A little over a month ago, I wrote about barriers to entry in the SEO world. This concept is something I think about constantly in my day to day operations in-house – however, it only begins to explain the long term competitive theories that are important to understand as overarching themes that cumulatively make the difference between a number one ranking, today, and a number one ranking five years from now.
Although short term success is all fun and good, true dominance – and big business – comes from having many multiples of our number one rankings represent themselves over dozens of websites. This same idea applies to your own business – you can diversify, find additional traffic streams and build upon client successes by winning and holding those rankings over time – and not treading water or finding current dominance eroding as years progress.
Why do these erosions happen? Surely, many things occur that we simply can’t account for. How heavy will our competitors link build? Will they be the benefactor of incredible technology our efforts simply can’t match? Will Google decide they suddenly want to sell popcorn bags internally instead of displaying our search result? All of these are very possible, but it is these kinds of tremor events that are somewhat random, and should not be included in our short term decision making besides as associated chaos variables. However, there are long term events that given historical patterns, will re-assert themselves – and very potentially, stick a knife in our business efforts.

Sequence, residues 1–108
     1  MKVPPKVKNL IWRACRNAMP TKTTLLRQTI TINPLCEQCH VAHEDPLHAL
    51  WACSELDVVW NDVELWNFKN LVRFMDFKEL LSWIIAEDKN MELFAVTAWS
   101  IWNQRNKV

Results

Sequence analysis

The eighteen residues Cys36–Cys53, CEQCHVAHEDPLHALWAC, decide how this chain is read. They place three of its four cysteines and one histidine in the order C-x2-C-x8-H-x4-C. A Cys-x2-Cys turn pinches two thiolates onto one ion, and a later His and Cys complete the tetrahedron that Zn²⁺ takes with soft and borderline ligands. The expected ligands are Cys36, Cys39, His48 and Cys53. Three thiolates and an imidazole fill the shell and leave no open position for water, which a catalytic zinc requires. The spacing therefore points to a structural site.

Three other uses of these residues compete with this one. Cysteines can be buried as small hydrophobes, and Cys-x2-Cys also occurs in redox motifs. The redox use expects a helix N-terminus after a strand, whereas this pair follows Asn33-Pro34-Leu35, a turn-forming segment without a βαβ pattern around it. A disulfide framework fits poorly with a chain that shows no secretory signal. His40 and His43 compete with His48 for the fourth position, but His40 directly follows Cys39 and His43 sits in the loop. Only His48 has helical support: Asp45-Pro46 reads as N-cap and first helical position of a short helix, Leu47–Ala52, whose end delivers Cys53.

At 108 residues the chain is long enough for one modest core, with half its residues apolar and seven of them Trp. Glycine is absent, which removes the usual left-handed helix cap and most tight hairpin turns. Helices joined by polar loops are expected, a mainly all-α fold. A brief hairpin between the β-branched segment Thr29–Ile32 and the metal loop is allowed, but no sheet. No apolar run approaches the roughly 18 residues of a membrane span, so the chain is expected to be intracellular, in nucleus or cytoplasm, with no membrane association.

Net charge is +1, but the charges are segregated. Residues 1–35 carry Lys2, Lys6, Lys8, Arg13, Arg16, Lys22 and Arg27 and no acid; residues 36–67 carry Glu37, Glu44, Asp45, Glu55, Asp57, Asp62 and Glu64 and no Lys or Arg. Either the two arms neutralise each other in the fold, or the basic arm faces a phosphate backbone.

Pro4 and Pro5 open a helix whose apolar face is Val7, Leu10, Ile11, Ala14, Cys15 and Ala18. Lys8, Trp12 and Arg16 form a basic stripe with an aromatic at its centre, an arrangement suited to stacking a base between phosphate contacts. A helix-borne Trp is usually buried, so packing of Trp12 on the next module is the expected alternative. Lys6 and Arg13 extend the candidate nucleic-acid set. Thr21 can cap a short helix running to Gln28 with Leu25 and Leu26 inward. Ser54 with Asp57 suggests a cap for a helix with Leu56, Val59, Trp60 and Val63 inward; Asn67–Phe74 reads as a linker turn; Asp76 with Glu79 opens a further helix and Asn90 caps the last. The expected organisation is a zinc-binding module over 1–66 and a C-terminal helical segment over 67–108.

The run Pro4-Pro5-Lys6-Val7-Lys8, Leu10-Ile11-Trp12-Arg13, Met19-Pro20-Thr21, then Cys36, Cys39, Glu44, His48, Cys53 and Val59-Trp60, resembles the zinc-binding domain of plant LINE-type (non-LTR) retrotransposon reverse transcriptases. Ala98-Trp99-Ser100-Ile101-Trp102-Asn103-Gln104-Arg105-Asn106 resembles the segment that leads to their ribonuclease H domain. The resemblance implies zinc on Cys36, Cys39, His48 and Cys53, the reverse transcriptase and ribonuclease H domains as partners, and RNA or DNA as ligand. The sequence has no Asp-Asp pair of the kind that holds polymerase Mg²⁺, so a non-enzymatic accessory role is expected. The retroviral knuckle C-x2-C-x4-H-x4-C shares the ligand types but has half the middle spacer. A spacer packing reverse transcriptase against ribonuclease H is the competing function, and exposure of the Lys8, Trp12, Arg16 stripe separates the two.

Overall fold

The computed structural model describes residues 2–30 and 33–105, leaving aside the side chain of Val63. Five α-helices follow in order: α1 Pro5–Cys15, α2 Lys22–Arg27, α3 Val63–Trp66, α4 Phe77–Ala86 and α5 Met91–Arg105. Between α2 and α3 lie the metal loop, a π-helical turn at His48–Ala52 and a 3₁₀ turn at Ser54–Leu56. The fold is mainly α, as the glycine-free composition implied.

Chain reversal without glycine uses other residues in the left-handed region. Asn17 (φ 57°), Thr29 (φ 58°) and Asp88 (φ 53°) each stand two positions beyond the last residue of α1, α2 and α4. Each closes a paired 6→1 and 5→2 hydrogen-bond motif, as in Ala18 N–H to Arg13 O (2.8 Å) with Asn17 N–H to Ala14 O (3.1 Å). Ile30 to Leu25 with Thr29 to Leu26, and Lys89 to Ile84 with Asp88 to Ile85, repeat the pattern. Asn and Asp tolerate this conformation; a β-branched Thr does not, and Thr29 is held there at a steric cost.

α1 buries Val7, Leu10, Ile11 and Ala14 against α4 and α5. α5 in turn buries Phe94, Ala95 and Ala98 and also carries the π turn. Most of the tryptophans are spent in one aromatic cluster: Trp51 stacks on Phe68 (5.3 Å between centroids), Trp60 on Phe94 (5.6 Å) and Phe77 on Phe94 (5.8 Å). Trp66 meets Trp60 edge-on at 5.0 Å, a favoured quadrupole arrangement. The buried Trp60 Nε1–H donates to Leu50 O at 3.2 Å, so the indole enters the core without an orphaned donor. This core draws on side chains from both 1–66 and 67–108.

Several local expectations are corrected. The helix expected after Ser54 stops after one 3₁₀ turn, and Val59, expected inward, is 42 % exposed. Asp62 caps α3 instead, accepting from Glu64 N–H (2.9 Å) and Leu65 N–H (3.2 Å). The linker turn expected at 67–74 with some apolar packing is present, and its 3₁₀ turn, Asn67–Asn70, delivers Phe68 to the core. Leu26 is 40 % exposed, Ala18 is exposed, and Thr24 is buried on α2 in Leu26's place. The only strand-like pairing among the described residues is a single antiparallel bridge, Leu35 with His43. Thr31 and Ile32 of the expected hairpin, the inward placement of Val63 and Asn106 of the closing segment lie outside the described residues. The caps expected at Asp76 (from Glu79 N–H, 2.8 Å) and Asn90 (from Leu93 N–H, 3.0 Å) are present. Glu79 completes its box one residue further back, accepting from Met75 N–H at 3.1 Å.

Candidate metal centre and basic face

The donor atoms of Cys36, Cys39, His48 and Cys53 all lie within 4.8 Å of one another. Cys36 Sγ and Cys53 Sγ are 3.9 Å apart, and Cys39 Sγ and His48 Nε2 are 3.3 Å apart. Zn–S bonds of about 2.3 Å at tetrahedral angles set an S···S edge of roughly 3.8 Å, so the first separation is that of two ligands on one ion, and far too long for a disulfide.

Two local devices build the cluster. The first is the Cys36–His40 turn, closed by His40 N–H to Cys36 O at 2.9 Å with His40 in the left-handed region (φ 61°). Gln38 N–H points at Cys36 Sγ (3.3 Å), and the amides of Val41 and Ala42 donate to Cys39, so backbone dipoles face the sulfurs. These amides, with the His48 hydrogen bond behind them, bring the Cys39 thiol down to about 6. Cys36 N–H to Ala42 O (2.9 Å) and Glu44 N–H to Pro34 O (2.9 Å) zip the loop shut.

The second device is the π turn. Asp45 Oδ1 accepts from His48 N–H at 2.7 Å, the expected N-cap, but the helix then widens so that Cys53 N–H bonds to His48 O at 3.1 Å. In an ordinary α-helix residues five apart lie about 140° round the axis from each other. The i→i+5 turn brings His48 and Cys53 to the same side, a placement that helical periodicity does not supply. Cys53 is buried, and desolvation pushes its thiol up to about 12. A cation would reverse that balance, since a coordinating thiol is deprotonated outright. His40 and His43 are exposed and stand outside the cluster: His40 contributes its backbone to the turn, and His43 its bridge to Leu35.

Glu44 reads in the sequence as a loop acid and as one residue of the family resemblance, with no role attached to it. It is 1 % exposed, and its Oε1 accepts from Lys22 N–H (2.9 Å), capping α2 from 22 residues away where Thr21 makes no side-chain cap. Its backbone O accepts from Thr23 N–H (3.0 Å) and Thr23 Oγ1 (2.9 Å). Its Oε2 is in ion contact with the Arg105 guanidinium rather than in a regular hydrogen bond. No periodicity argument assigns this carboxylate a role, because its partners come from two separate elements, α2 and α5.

Peter Thiel, wildly successful startup founder and VC, had one of his classes on startups summarized recently. In these summaries are some golden nuggets on business markets from Thiel, where he goes into detail how many companies will misrepresent their market size to create a monopoly scenario – that is, their ability to absolutely dominate a business area, that simply might not exist.
People also tell lies about markets. Really big markets tend to be very competitive. You don’t want to be a minnow in a giant pool. You want to be best in your class. So if you’re in a business that finds itself in a competitive situation, you may well fool yourself into thinking that your relevant market is much smaller than it actually is.